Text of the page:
Department of Health and Human Services--Use of Appropriated Funds for "HealthReform.gov" Web site and "State Your Support" Web page
B-319075, Apr 23, 2010
This responds to your request for a legal opinion regarding the Department of Health and Human Services's (HHS's) use of appropriated funds for the HealthReform.gov Web site and a Web page within that site, the State Your Support Web page. Specifically, you asked whether the opportunity for the public to sign electronic form letters stating support for the Administration's health care reform initiative violated the prohibitions on the use of appropriations for grassroots lobbying, including 18 U.S.C. 1913, and for publicity or propaganda activities, as contained in the Omnibus Appropriations Act, 2009. As explained below, we conclude that HHS did not violate the grassroots lobbying prohibitions nor did it violate the publicity or propaganda prohibition.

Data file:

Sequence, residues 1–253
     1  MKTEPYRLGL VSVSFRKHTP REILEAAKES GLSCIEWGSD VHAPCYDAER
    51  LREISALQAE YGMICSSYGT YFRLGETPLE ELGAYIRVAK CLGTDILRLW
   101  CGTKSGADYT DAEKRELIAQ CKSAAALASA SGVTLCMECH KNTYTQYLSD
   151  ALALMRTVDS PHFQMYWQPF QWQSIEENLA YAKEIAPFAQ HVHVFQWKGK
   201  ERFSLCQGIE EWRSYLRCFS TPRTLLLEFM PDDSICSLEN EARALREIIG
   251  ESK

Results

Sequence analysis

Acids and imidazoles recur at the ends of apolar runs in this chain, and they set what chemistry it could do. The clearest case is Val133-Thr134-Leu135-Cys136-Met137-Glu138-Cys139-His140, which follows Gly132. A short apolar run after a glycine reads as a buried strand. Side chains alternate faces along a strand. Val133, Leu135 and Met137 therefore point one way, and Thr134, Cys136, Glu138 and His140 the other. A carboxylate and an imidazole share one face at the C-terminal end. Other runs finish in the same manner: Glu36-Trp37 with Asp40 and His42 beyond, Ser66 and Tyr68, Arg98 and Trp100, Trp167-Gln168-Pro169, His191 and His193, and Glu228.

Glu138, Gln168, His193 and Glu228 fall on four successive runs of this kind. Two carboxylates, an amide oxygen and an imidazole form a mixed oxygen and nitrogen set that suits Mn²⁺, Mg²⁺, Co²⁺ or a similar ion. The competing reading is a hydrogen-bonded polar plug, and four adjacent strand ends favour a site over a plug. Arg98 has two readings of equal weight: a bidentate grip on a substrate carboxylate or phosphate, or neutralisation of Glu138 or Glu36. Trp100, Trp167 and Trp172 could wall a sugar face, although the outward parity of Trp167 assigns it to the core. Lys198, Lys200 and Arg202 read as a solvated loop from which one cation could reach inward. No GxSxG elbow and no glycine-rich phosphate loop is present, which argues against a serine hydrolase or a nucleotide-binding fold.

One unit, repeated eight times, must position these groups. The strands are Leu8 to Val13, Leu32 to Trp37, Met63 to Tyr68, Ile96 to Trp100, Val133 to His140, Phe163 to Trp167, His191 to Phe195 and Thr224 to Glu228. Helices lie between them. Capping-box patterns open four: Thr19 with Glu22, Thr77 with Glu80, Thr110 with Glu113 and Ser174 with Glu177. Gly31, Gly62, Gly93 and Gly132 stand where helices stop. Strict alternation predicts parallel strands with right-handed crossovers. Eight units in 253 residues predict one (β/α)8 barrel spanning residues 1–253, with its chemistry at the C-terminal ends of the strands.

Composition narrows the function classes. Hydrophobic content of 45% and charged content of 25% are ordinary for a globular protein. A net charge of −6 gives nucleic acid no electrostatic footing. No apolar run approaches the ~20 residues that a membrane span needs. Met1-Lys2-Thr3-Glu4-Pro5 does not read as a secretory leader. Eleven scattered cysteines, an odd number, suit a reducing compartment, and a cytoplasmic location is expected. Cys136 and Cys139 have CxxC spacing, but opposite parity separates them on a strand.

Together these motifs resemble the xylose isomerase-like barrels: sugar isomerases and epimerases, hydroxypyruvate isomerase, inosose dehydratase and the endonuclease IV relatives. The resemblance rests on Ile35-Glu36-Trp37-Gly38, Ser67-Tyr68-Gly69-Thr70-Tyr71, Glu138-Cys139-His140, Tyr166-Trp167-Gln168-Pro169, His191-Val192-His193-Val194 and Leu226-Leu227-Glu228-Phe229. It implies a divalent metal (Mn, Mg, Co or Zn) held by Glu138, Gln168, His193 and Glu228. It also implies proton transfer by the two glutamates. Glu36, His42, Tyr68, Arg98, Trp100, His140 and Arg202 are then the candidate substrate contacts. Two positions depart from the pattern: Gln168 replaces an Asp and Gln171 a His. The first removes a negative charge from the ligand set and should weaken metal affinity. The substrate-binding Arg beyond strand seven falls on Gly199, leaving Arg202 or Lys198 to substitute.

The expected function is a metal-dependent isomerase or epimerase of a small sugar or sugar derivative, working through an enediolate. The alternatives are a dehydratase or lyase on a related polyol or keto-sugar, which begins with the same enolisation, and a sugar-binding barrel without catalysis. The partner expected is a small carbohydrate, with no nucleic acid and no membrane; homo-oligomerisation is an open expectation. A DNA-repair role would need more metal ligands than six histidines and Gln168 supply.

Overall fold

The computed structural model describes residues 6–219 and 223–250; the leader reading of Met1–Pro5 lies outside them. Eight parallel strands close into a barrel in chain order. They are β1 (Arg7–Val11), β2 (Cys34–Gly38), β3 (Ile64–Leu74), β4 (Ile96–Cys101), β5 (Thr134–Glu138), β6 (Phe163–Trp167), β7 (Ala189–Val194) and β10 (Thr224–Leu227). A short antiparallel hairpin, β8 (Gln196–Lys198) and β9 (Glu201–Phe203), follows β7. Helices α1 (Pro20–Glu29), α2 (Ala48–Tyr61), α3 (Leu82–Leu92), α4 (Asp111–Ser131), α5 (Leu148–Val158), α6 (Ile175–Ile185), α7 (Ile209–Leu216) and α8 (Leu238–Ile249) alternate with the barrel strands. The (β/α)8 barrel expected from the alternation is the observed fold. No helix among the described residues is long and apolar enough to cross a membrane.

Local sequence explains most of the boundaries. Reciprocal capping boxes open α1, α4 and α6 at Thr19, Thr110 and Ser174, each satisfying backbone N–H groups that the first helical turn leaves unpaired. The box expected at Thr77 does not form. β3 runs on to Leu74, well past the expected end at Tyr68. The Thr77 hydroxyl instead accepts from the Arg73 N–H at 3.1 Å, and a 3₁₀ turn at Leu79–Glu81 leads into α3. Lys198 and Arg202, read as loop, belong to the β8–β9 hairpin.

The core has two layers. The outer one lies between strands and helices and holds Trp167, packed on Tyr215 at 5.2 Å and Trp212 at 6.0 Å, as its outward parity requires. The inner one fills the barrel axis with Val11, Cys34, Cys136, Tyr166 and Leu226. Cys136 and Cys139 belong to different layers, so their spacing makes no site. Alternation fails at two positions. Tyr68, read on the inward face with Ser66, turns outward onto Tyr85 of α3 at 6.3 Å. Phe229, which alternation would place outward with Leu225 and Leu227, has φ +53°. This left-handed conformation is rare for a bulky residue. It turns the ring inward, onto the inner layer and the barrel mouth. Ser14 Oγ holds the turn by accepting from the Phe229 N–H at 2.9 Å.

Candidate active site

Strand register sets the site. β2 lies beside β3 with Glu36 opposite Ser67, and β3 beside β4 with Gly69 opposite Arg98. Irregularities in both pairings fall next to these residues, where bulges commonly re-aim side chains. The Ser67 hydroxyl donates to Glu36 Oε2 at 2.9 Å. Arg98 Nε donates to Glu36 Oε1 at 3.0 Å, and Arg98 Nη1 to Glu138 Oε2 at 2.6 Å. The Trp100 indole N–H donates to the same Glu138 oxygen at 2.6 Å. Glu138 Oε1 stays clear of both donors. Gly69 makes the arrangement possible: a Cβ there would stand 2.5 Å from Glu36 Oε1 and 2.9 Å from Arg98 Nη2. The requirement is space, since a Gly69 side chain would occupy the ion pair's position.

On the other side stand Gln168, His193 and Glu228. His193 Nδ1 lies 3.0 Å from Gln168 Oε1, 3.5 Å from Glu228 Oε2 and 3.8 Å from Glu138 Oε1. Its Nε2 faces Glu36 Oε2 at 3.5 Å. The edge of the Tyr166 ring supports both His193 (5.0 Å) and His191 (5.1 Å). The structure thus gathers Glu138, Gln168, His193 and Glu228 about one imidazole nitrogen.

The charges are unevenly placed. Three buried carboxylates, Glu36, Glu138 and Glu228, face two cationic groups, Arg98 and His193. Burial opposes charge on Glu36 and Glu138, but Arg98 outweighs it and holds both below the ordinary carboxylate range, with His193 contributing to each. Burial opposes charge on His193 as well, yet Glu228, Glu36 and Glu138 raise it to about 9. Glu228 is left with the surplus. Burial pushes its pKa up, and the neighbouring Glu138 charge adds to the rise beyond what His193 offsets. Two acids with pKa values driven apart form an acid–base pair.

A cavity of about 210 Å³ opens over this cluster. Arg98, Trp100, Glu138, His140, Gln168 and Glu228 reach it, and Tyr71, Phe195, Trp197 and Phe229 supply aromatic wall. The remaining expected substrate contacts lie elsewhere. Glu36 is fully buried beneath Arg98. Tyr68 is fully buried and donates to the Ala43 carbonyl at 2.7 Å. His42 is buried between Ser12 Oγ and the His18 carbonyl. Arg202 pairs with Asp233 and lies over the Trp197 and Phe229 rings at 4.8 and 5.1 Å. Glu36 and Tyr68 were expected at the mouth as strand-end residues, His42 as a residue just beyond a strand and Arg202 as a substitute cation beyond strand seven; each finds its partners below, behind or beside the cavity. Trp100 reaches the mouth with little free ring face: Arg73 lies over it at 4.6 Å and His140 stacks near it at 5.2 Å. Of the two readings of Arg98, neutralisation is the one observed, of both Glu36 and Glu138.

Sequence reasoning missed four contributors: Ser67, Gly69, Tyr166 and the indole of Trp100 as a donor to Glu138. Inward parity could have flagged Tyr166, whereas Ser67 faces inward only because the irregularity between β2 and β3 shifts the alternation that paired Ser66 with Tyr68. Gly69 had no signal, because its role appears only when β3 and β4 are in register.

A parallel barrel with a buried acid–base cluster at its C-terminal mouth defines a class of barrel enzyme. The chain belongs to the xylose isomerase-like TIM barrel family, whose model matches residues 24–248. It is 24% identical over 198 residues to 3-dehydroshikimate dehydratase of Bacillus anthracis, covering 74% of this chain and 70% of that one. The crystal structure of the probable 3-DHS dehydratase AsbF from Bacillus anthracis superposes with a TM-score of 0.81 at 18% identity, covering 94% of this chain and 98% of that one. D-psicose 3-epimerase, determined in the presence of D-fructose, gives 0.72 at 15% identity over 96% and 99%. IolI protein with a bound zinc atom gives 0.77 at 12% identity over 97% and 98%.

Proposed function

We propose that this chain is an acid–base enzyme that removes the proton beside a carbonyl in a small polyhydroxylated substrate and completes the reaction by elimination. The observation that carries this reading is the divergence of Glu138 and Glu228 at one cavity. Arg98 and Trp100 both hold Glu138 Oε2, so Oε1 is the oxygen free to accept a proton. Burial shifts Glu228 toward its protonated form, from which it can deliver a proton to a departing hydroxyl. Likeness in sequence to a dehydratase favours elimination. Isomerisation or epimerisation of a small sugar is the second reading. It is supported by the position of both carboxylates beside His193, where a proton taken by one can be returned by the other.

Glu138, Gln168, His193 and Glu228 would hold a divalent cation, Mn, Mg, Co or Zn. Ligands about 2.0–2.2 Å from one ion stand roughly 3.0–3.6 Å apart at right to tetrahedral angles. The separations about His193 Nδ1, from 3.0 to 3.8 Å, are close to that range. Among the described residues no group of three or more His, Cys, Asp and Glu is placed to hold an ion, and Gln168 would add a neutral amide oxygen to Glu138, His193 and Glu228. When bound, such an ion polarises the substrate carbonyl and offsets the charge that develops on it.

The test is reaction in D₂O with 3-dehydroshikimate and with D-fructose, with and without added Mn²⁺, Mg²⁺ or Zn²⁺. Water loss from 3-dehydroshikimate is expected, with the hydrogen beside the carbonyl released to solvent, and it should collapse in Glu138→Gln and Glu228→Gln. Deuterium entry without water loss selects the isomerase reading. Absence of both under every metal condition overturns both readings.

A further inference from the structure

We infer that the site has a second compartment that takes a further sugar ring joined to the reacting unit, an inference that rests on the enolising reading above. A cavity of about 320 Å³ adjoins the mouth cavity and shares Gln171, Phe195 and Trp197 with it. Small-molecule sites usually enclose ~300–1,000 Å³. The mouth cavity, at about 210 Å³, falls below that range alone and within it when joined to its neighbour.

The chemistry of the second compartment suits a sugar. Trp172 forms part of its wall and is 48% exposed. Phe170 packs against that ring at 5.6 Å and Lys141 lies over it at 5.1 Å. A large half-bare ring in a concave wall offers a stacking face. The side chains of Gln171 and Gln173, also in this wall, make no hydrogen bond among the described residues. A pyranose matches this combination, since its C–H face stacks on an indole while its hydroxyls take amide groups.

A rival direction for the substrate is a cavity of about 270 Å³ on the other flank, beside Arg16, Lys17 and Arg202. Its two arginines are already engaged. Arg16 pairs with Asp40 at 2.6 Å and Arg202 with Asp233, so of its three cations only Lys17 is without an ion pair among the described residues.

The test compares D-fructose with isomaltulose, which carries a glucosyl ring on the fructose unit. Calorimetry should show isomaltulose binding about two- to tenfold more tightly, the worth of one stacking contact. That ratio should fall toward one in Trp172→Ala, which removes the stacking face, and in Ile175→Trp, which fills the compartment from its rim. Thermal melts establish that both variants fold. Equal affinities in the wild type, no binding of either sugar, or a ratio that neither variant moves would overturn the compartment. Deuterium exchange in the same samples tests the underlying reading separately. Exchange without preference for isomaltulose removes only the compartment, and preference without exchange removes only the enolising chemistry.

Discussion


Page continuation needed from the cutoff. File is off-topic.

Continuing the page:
The use of appropriated funds to create and operate the HealthReform.gov Web site and the State your Support Web page did not violate the prohibitions on grassroots lobbying or publicity or propaganda. The Web site and Web page did not constitute grassroots lobbying because they contained no clear, direct appeal to the public to contact Members of Congress in support of or in opposition to health care reform. They also did not violate the publicity or propaganda prohibition because nothing within the Web site or Web page constituted communications that are purely partisan, self-aggrandizement, or covert. HHS views the form letter as similar to a survey to gauge public interest in the President's policy proposals. HHS also asserts that the form letter was a more effective tool to communicate its policies because Web users, by signing the letter and submitting contact information, would be more likely to focus on the content of the message. Asking Web users to sign a form letter may be an unorthodox tool to gauge public opinion or communicate policies, and we express no opinion as to the effectiveness of such a tool to achieve HHS's stated goals. However, in light of our determination that the communications did not constitute a violation of the prohibitions on lobbying or publicity or propaganda, and in keeping with the discretion we have historically afforded agencies in their information activities (B-302504), we do not legally object to the department's use of appropriated funds for this activity.